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A CurtainUp Review
The Nance
A nance, according to Webster's Dictionary, is "an effeminate or homosexual man." In the world of 1930's burlesque, a nance was a wildly popular character, a stereotypically camp homosexual man, usually played by a straight performer. — From the program notes.
The Nance
Nathan Lane
In Douglas Carter Beane's new play with music, Nathan Lane plays the titular role. It proves to be quite a teaming for one of America's most talented actors in a memorable role (another peak in a history of peaks) in a funnily sad play.

The Nance is for those who have steadfastly waited for the talented Beane to write a really provocative, dramatically rich and fulfilling play, following such laudable teasers as As Bees in Honey Drown and The Little Dog Laughed. Beane is in top form. His instinct for wit delivered with a sting is matched in this instance by an unconventional story based on a legacy of injustice that is as emotionally affecting as it is rigorously entertaining.

For those who think they know what to expect from Lane, he gives the kind of outstanding performance that challenges for supremacy the iconic award-winning roles he played in The Producers, Guys and Dolls and Love! Valour! Compassion!. As the Nance, Lane allows us to see into the heart-breaking core of a disconsolate man who is compelled to endure the slings and arrows of an unforgiving society, even as he remains a mere comical adjunct to the more provocatively demonstrative undulations of others in his profession.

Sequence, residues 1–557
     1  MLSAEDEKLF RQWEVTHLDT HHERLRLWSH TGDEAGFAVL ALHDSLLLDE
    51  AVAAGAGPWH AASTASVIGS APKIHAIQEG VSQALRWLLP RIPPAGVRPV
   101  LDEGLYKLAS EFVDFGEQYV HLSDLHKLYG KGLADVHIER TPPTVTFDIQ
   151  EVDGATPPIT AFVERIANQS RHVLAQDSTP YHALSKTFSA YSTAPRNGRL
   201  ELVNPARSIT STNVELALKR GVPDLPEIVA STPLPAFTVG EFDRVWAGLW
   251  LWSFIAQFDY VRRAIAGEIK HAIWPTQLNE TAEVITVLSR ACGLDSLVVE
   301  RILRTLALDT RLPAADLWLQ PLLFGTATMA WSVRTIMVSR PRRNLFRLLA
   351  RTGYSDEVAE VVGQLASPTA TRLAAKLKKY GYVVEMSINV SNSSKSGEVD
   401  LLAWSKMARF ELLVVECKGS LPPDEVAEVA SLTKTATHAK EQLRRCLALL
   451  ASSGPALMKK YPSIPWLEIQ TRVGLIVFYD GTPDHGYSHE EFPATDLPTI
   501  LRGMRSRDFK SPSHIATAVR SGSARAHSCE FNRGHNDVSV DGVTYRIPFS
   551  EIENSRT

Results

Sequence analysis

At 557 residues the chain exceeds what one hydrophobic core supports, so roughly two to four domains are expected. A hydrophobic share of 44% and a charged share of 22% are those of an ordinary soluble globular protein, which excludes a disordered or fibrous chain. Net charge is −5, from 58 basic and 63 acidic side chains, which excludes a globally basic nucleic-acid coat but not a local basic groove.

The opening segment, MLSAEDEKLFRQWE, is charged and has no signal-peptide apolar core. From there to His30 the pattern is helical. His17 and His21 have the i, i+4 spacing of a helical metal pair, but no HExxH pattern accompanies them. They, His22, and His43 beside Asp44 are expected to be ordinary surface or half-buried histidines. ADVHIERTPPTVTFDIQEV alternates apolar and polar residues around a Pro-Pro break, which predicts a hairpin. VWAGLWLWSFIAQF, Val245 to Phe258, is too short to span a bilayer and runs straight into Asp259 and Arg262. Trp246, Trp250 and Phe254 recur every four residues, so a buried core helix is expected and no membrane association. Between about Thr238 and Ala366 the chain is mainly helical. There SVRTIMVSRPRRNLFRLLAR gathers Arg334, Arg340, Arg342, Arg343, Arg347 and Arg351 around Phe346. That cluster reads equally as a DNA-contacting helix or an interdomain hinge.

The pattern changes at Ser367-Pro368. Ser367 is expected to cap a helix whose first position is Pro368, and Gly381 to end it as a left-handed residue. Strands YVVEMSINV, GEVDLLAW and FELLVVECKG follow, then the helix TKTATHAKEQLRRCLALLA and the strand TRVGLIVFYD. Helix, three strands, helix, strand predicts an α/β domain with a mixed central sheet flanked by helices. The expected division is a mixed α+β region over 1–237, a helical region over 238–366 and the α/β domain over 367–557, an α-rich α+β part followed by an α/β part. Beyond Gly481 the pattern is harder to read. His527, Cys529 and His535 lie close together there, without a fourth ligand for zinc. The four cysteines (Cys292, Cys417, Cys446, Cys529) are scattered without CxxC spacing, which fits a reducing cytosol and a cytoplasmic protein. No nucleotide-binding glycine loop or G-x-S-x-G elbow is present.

The theater in New York City in 1937, like the rest of the country, may have been in a state of recovery from the economic ravages of the Great Depression, but burlesque was definitely on the endangered list. Often commonly referred to in print as "burlesk houses," such venues as the Irving Place Theater where much of the play takes place, were being given severe fines and the threat of being closed down by Mayor LaGuardia's newly enforced morality. This morality also extended to a crackdown on openly homosexual activity, even the potential for it.

It's a kind of double indemnity for Chauncey Miles (Lane) who may be a popular "nancy" headliner in the innocently bawdy skits at the Irving Place Theatre, but is also a not-so-innocent homosexual in real life. His after work digression to seek out sexual encounters with men serve as our introduction to a poignantly reckless character. One such encounter, however, proves that love may be found in the most unlikely place and provides the basis for making this a very moving play.

As splendidly directed by Jack O'Brien, The Nance begins at an automat which was evidently a popular cruising spot at the time and where Chauncey surreptitiously picks up Ned (Jonny Orsini), a tall, good-looking, if insupportably naive, country bumpkin down on his luck.

In an untypical gesture to feed his curiosity and also fuel his attraction to this rather personable young man newly arrived in the city, Chauncey brings him home to his apartment where Ned takes a bath (the obligatory male nude scene). Having been invited to spend the night, Ned discloses his preference for men and also the failure of his marriage before he knew the score. In his Broadway debut, Orsini does more than hold his own against a master scene stealer and exists as an extraordinary character.